One issue that has haunted emerging managers trying to persuade LPs to open their wallets is: How well do these early funds perform and are they worth the risk?
Preqin has an answer: It reviewed a sample set spanning 13 vintage years from 2000 to 2012, and it found that 2004 was the only year in which non-first-time funds outperformed first-time funds.
The 2012 median net internal rate of return hovered around 24 percent for first-time funds and around 11 to 12 percent for non-first-time funds, the private equity data provider said in a recent report.
This should be good news for LPs looking for an alternative to the more established firms that don’t necessarily need their capital. And many LPs are looking for that alternative: 51 percent of more than 400 institutional investors surveyed in June 2016 will invest, or consider investing, in a first-time private capital fund this year. That is a 12-percentage-point increase from 2013, Preqin said.
As well, 11 percent of LP respondents said they would invest in spinout firms, up from 6 percent in 2013, Preqin said.
“Developing relationships with first-time or spinoff managers may be a pragmatic strategy for less experienced LPs looking to build out their portfolios and foster new GP relationships,” the study said.
“For larger or more established LPs, committing to first-time fund managers can supplement their core portfolio funds with more niche strategies, potentially enhancing portfolio alpha through smaller funds, or establishing long-term relationships with up-and-coming investment talent,” the study said.
First-time funds come in different forms — generally a first-time fund is not going to be run by a team of completely inexperienced managers. It may be a spinout from a larger shop, or it may be an experienced PE veteran teaming up with a partner.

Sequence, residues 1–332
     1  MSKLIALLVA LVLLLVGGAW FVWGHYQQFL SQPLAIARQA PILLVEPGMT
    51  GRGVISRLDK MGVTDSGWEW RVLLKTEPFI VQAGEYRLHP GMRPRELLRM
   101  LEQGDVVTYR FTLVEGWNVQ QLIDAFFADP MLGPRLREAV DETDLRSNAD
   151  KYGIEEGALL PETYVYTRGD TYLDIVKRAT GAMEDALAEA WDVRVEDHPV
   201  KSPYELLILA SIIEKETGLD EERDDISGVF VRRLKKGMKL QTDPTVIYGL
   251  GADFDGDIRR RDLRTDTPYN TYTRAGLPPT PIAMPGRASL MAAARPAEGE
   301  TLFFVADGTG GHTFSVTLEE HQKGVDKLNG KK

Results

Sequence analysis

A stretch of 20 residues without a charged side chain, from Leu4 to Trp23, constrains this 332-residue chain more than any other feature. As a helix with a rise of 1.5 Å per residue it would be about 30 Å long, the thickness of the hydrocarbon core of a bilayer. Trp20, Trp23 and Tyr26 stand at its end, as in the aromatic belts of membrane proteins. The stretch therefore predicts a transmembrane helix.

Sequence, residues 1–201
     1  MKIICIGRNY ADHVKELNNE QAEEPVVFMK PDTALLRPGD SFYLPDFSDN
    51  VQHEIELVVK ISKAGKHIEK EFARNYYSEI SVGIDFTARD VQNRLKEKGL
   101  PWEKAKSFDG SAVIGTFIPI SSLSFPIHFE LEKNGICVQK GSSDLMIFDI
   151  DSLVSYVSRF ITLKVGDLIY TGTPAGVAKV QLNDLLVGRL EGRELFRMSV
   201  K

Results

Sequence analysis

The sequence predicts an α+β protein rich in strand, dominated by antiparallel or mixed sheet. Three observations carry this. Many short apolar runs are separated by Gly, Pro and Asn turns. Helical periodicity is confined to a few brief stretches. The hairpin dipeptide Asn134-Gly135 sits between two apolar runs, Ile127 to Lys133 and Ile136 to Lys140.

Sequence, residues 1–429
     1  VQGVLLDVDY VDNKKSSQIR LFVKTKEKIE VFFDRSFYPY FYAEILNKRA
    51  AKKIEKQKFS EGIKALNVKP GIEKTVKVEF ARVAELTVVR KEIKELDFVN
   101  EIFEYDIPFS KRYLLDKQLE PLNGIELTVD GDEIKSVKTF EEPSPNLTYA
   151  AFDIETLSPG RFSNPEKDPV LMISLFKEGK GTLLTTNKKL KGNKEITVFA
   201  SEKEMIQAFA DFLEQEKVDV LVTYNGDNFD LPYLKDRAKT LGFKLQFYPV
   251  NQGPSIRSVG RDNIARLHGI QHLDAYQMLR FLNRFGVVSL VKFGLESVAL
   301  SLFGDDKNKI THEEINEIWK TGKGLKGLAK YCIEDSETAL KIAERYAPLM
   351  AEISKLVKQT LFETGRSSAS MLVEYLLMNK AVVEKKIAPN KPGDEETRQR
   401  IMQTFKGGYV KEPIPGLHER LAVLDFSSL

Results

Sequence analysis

First-time funds, lumped into the larger category of emerging managers, which generally include Funds I, II or III and are sometimes run by women or minorities, have been a hot ticket for a few years. Though in an uncertain environment, some LPs pull back from committing to first-timers or emerging managers in favor of sticking with established names. This has been the more recent state of play around first-time fundraising in the wobbly markets.
Last year, for example, commitments to first-time funds dropped after a few years of strong fundraising. A total of 153 first-time PE funds closed last year, with aggregate capital of $16.7 billion, according to Preqin. That is the lowest number of first-time funds closed since before 2005, the first year Preqin started tracking first-timers.
That slowdown followed an overall reduction in PE fundraising, which last year totaled $303.1 billion across 740 funds. That was down from $333.9 billion across 915 funds in 2014.
Sources say LPs will refocus away from first-timers in uncertain environments, especially when strong-performing managers come back to market. Last year, several managers came back earlier than expected, or introduced new products, taking advantage of the strong fundraising environment.
“We’ve seen a bit of pullback on embracing risk as it relates to a number of different topics, like China, first-time funds and commodities funds,” Alan Pardee, managing partner and co-founder of Mercury Capital Advisors, told Buyouts in a past interview. “First-time funds are harder today than they were in 2014 or 2013.”
All indications point, however, to continued LP interest in at least taking a look at new offerings and establishing relationships with first-time managers, if not going so far as to commit. This is a good sign for young managers, and the industry as a whole, as it’ll be the young unknowns who will help drive the industry forward.
Private Equity Editor Chris Witkowsky reflects at home. Photo by Wendy Witkowsky